Meanwhile, miner prepares $4bn mining venture in Zimbabwe and South Africa's Naspers plans to sell $10.6bn worth of shares in Tencent
Genel Energy may drill in Somaliland soon, chief says
Kurdistan-focused Genel Energy might start drilling in Somaliland next year, chief executive Murat Ozgul said on Thursday, as the group reported 2017 results broadly in line with expectations.
"For the long term, I really like [our] Somaliland exploration assets. It's giving me a sense of Kurdistan 15 years ago," Mr Ozgul said. "In 2019 we may be [starting] the drilling activities," Reuters reported.
Chief financial officer Esa Ikaheimonen said Genel will focus spending money from its $162 million cash pile on its existing assets in Kurdistan but added: "You might see us finding opportunities ... somewhere outside Kurdistan."
The news comes as Karo Resources, a company linked to mining entrepreneur Loucas Pouroulis, said it will spend $4.2 billion on a Zimbabwean platinum project in the first big investment since President Robert Mugabe’s ousting in November, according to Bloomberg.
The deal is the largest to date in Zimbabwe’s mining industry, Mines Minister Winston Chitando said. President Emmerson Mnangagwa has declared the “country open for business” as he seeks to revive the economy and attract investment.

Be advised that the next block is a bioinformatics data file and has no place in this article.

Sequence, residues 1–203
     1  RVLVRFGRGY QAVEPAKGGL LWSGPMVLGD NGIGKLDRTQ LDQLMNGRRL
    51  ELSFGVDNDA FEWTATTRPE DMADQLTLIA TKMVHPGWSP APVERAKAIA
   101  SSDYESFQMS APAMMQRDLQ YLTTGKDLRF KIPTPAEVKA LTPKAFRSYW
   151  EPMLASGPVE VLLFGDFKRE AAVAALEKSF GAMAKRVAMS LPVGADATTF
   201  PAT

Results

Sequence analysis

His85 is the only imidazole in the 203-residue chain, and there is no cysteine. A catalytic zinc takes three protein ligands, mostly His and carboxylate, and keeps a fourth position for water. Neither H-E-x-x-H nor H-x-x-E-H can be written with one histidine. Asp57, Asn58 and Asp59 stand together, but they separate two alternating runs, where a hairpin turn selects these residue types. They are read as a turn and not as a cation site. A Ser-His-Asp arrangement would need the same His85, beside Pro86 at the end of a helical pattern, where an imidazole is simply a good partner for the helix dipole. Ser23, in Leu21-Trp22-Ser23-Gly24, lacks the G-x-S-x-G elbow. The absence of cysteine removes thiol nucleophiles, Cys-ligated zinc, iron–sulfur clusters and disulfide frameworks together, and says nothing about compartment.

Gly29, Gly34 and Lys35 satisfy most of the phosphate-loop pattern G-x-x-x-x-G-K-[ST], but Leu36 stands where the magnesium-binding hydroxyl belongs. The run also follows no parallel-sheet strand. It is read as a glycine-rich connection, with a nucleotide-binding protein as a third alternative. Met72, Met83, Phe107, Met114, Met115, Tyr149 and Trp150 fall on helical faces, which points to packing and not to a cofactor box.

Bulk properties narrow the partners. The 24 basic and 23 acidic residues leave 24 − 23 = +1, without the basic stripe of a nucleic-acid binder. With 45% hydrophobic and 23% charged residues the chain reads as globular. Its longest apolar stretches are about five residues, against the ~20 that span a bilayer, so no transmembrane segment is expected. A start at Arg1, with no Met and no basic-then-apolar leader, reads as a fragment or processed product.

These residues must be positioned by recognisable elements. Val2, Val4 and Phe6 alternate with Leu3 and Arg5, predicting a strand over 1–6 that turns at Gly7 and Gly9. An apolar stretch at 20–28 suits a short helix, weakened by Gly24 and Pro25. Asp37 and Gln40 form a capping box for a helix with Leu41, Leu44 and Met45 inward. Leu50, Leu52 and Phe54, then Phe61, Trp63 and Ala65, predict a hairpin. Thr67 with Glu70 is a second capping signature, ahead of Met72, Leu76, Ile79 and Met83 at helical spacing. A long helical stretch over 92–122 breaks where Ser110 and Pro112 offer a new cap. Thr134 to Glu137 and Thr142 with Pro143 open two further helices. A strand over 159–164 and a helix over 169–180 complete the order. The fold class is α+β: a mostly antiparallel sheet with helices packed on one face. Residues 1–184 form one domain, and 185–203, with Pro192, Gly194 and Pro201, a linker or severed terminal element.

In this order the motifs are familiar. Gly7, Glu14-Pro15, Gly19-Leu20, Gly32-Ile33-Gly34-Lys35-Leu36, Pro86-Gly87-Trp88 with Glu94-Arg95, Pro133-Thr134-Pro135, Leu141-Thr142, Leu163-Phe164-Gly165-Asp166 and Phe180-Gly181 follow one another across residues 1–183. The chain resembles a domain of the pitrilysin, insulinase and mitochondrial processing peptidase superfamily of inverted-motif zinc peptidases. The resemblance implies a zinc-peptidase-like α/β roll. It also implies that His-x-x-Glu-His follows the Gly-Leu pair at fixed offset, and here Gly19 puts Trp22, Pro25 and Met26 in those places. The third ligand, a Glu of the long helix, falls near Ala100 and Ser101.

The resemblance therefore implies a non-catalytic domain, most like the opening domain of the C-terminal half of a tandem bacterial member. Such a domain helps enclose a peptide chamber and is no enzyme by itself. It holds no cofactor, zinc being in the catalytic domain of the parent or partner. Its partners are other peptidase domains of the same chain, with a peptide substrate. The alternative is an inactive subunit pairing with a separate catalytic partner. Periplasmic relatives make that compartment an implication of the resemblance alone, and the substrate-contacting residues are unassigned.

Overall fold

“It is not business as usual anymore,” the president said on Thursday. “Things have to change.”
Karo’s platinum project will start up in 2020 and produce 1.4 million ounces a year of platinum-group metals at full output, potentially making it the country’s top producer by 2023, Chitando said. Zimbabwe has the second-biggest reserves of the metals after South Africa.
The project will also include a 600 megawatt power plant and coal-mining operations to feed it.
Mr Pouroulis has a long history in southern African mining. He set up South African platinum-mining ventures Lefkochrysos, which means "white gold" in Greek, and Eland Platinum. Eland was sold to Xstrata in 2007 for the equivalent of $1.1bn. His son Phoevos met Mnangagwa in the president’s office in January.
Meanwhile South Africa's Naspers plans to sell $10.6bn worth of shares in Tencent, equivalent to 2 per cent of the technology giant’s issued stock, to fund investments in other parts of its business.
The sale of 190 million shares will cut the stake held by Naspers to 31.2 per cent, the Cape Town-based company said on Thursday. It’s the first time Naspers has reduced its holdings in Tencent since investing in the company in 2011.
“The funds will be used to reinforce Naspers’ balance sheet and will be invested over time to accelerate the growth of our classifieds, online food delivery and fintech businesses globally and to pursue other exciting growth opportunities when they arise,” Naspers said.
Naspers chief executive Bob Van Dijk has been trying to reduce the gap between its stake in Tencent and the value of Africa’s largest company.
Naspers gained 1.7 per cent by 11:04am in Johannesburg, while Tencent declined 5 per cent in Hong Kong.